|| Checking for direct PDF access through Ovid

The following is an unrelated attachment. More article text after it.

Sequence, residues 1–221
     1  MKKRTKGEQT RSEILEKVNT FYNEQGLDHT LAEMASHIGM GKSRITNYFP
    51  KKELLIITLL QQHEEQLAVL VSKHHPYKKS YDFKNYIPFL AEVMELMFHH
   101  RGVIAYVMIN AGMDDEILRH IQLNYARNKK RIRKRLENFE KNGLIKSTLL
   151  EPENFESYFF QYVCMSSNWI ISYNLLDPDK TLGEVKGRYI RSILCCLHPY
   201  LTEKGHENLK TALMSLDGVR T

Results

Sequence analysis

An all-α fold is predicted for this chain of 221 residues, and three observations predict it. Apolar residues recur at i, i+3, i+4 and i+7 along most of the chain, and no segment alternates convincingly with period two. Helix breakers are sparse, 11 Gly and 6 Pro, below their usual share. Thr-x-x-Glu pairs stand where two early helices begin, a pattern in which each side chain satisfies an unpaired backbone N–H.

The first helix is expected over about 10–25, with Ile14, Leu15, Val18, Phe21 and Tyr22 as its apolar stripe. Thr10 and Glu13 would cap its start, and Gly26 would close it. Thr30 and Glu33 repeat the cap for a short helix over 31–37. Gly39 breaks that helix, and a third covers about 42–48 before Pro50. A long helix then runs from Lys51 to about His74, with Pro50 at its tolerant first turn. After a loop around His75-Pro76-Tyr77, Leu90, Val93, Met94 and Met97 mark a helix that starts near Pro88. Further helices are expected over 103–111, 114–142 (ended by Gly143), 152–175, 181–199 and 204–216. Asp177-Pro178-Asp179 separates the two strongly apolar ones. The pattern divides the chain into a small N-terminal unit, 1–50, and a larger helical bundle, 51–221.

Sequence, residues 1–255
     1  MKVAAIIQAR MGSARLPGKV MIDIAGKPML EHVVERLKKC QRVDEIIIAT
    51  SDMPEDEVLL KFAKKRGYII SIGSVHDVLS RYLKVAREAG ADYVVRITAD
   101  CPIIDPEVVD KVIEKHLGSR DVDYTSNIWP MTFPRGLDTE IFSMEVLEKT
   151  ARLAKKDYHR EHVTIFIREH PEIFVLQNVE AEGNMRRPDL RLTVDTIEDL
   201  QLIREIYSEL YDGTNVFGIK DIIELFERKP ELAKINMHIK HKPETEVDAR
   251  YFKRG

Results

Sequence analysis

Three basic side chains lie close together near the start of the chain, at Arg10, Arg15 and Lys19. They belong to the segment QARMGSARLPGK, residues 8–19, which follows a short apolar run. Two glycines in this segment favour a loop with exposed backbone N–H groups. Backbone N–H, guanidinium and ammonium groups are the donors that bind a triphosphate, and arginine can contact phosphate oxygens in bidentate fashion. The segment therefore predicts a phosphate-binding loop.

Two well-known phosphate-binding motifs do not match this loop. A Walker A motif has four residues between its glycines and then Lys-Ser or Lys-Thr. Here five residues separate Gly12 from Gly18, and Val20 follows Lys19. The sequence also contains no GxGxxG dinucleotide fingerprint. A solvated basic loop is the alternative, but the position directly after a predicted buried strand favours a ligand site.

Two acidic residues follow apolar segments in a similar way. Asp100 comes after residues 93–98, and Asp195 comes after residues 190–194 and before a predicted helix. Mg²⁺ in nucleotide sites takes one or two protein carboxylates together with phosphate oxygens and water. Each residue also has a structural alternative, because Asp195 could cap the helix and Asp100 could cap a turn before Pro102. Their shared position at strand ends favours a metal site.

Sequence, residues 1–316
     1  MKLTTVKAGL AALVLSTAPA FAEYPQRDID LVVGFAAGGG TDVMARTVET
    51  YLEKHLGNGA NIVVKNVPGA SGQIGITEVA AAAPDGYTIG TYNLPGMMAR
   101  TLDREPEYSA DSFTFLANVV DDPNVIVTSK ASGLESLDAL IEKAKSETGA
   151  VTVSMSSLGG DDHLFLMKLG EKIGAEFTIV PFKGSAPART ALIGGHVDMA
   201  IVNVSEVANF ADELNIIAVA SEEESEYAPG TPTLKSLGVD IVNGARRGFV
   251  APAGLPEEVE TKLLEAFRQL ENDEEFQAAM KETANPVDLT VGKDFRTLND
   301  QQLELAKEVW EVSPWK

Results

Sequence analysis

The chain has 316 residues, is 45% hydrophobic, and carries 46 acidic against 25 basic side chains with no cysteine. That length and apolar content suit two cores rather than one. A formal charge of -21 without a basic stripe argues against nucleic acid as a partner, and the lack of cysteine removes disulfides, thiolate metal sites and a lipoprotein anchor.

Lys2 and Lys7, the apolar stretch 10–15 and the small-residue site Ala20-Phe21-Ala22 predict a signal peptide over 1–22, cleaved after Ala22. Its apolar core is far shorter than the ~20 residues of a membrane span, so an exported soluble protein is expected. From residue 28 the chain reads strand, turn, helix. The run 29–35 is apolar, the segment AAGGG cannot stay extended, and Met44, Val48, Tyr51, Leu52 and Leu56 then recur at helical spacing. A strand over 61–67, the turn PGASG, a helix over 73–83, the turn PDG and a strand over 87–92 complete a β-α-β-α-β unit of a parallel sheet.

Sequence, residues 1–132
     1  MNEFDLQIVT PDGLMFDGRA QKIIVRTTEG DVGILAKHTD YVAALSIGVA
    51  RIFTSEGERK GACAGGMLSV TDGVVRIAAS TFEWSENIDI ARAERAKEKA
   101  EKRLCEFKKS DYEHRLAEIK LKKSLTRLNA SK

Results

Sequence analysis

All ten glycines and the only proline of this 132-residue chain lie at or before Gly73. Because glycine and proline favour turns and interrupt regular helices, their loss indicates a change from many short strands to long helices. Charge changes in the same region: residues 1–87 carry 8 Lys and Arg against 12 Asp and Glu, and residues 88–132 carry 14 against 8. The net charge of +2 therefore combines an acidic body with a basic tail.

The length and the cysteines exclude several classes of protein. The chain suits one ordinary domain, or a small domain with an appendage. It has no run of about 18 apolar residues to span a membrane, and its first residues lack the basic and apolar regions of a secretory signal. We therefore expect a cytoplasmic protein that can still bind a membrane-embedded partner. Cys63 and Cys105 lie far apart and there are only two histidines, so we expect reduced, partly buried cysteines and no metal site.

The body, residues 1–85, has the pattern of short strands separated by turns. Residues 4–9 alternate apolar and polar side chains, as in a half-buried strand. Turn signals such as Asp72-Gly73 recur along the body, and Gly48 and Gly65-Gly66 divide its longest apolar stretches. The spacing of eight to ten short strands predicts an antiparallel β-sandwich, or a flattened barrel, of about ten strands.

Patients with ST-elevation myocardial infarction (STEMI) are at substantial risk of suboptimal procedural results and late adverse events. Angiography and optical coherence tomography (OCT) studies have identified residual coronary thrombus and microcirculatory injury as potential culprits for these adverse outcomes. We hypothesized that coronary thrombectomy and local infusion of glycoprotein IIb/IIIa inhibitors by means of a dedicated infusion device can synergistically improve results of percutaneous coronary intervention (PCI) for STEMI, as appraised by OCT.A total of 128 patients with STEMI will be randomized, to one of the following: abciximab infusion with the ClearWay coronary catheter (C), standard abciximab infusion (A), thrombectomy followed by abciximab infusion with the ClearWay catheter (T+C), or thrombectomy followed by standard abciximab infusion (T+A). The primary objective is to demonstrate that abciximab infusion with the ClearWay catheter with or without manual thrombus aspiration (groups C or T+C) will result in a significant reduction of intrastent thrombus formations when compared with intravenous or intracoronary abciximab with or without thrombectomy (groups A or T+A). The primary endpoint will be the number of cross-sections with thrombus area more than 10% immediately after stent implantation as assessed with OCT. Additional angiographic, ECG and clinical endpoints will be collected and adjudicated.This trial will provide important mechanistic insights on the most appropriate invasive treatment strategy for patients with STEMI and significant thrombus burden, by exploiting its factorial design and reliance on sensitive OCT endpoints.